Himalayan Orchids for Livelihoods of Rural Communities - Interview with Mr. Abishkar Subedi

Abishkar Subedi was born in Nepal and had Master Degree in Botany.
He is deeply engaged in exploration, documentation, identification, measurement and conservation of wild orchids Nepal Himalaya since 1995.
He is specially interested in taxonomy, diversity assessment and developing participatory and community focused conservation strategies for wild orchids of Himalaya region.
He added dozens of orchids to the Flora of Nepal.
Due to his contribution to wild orchids research and conservation in Nepal he was awarded through 'Crown Prince Young Scientist of Nepal in the year 2003' by Royal Nepal Academy of Science and Technology (RONAST) which is highest award given to any young scientist of Nepal.
Since 2002 he is professionally involving in national NGO called Local Initiatives for Biodiversity, Research and Development (LI-BIRD).
As an programme officer of LI-BIRD he is leading several projects related with In situ conservation of biodiversity of Nepal.
  Foto/Photo: Sergio Araujo

ON: Mr. Abishkar Subedi, your lecture concerned the Orchids and Sustainable Livelihood in Nepal.   We would like to start this interview asking you to tell a little about your country.
AS: Its population is over 20 Million and the agriculture is the main source country economy. About 81% population depend on agriculture to meet their daily livelihood.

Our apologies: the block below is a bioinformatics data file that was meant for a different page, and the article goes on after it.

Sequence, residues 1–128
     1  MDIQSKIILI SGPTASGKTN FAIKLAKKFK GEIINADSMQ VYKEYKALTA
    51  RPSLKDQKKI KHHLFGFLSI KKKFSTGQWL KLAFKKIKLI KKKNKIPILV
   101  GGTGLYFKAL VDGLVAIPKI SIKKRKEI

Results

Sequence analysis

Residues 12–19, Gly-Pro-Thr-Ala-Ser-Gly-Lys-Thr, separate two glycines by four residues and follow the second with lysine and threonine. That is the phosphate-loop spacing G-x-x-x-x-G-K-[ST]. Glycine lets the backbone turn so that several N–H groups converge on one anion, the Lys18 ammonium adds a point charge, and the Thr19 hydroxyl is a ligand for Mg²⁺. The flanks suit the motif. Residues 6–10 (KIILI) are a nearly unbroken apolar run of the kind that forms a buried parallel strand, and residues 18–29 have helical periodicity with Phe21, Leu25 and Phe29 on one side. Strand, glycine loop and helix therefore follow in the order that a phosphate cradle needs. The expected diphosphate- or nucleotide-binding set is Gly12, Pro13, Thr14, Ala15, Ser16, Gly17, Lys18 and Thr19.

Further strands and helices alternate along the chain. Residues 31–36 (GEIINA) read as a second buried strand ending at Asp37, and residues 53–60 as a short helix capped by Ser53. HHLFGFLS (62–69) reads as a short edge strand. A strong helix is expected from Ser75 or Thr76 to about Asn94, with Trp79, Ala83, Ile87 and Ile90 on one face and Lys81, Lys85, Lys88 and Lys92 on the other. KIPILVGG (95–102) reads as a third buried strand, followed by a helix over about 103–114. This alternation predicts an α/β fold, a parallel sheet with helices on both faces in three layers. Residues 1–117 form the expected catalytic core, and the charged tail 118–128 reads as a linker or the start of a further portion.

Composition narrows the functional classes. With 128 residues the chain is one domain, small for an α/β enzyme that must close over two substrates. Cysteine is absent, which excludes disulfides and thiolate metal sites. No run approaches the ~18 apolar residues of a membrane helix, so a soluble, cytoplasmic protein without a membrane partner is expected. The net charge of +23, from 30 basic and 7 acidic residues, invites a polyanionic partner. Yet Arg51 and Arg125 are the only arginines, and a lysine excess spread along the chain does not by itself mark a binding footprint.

ON:Which are the geographical conditions?
AS: Nepal is situated on the southern slopes of the central Himalayas which represent one third of its whole length. It has an area of 147.181 sq. km., East to West average length 885 km and North- South width varies from 145-241 km. About 86% of its total land has occupied by mountains and rolling hills. About 12% by the flat lands of the Terai. Altitude varies from 60 meter above sea level (masl) to 8,848 masl (Mt. Everest the highest peek of the world). 6 floristic provisions (more influence of Sino-Japanese elements), 35 forest types, 75 vegetation types, Western Himalayas and Eastern Himalayas merge in Nepal. Eastern Nepal is relatively wetter while western Nepal is comparatively drier. In inner Himalayas many areas are rain shadow areas and receive annual rainfall lees the 60mm However country receive highest rainfall during July-August. The Central Nepal receive the highest rainfall of above 5000 mm of rainfall.